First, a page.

Attorneys practice the law. An attorney is a professional dispute resolver and understands how to utilize dispute procedures. In special education these procedures range from informal meetings, compliance complaints, mediation, to due process hearings and appeals. An attorney is generally not required but it’s always a good idea to consult with one. A parent can always represent themselves. In informal dispute proceedings, including due process, a parent can utilize the help of others experienced in the process; however, only an attorney may engage in the practice of law. Attorneys attend law school to receive a Juris Doctorate and must be licensed in the state they practice.
Working with an attorney to resolve a dispute can make a difference. An attorney’s knowledge of the legal system and ability to evaluate the strength of your side of a dispute is very important. Attorneys narrow down and clarify complex issues (focus), write and apply facts to the law (communicate), and utilize the legal system (strategy) to achieve the best possible outcome. Attorneys can review records, identify issues, and advocate for a quick resolution of a dispute at meetings, through letter writing, or formal complaints. If a dispute goes to hearing, attorneys are trained on how to write complaints, motions, closing briefs, presenting issues, using and objecting to the introduction of inappropriate or non-relevant evidence, questioning witnesses, and making opening and closing statements.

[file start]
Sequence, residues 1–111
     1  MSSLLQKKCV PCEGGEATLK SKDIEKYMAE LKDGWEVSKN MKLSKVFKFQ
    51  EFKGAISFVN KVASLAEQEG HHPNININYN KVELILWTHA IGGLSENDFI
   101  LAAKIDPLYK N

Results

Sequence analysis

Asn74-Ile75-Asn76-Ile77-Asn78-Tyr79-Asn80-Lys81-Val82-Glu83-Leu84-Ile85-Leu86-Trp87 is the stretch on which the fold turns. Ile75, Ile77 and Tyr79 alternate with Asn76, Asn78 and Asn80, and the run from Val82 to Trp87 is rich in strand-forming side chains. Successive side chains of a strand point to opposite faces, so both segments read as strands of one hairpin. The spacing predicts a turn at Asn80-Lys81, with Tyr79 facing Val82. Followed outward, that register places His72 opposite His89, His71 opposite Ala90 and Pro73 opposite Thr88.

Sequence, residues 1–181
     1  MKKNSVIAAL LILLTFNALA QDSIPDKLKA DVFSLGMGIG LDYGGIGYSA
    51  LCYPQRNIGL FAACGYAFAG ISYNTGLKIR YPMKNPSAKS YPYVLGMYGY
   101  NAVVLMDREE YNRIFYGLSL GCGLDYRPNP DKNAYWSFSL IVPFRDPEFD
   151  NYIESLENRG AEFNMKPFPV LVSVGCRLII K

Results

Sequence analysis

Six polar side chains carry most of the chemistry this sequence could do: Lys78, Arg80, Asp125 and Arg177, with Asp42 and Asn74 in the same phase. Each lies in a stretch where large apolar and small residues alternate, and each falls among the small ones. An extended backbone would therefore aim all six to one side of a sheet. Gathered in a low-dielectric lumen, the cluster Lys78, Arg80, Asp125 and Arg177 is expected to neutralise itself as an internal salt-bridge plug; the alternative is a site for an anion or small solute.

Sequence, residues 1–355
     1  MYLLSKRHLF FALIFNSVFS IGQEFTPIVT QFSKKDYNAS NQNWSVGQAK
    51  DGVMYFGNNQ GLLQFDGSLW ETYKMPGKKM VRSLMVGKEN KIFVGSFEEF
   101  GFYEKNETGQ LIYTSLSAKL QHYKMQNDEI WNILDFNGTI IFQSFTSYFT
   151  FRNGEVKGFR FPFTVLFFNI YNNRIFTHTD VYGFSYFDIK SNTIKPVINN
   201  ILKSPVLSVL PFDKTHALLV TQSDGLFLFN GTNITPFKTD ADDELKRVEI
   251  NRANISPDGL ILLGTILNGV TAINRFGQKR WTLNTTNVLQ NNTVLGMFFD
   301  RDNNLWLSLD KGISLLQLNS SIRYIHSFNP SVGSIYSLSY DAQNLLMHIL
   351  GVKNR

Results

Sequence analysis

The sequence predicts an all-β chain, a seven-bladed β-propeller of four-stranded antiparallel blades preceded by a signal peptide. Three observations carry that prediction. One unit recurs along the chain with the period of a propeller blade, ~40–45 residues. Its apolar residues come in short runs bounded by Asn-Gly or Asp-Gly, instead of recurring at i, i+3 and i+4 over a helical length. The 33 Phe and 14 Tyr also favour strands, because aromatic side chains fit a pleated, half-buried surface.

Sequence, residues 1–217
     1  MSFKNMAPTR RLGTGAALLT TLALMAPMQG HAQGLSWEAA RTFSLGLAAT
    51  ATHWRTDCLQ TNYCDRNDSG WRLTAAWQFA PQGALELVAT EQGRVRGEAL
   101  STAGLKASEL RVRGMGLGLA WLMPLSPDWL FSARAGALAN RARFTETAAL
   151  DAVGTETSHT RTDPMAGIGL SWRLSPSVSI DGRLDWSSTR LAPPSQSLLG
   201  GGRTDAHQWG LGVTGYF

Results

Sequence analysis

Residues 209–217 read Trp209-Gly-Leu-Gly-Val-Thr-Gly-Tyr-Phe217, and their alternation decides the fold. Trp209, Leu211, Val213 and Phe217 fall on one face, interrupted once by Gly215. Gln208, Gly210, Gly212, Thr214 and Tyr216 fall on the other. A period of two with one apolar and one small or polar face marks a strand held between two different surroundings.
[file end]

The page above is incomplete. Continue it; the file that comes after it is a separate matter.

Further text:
Despite the differences, there is a lot of crossover between advocates and attorneys in special education. An advocate must understand the structure of the law and how to operate inside of it to accomplish results. An attorney must understand education to identify where things are going, or have gone, wrong. However, an attorney is not an educational consultant or an expert on disabilities. When disputes proceed to hearing experts are often needed to provide information on why the parents’ view of the situation is accurate. Similarly, an advocate cannot give legal advice, is not properly equipped to represent a child at hearing, and cannot appear in, or appeal to, state or federal court.
Advocates and attorneys work well together because of their differences. Advocates are well equipped to determine when an attorney should get involved and recognize when a disagreement is a legal dispute. Attorneys can help navigate disagreements and provide guidance to circumvent problems because of their understanding of the law, the legal system and how it applies to special education. It is useful to make the distinction between “educational advocacy” and “legal advocacy and representation” because both “advocate.” However, neither advocate without some knowledge and understanding of the other’s unique skills.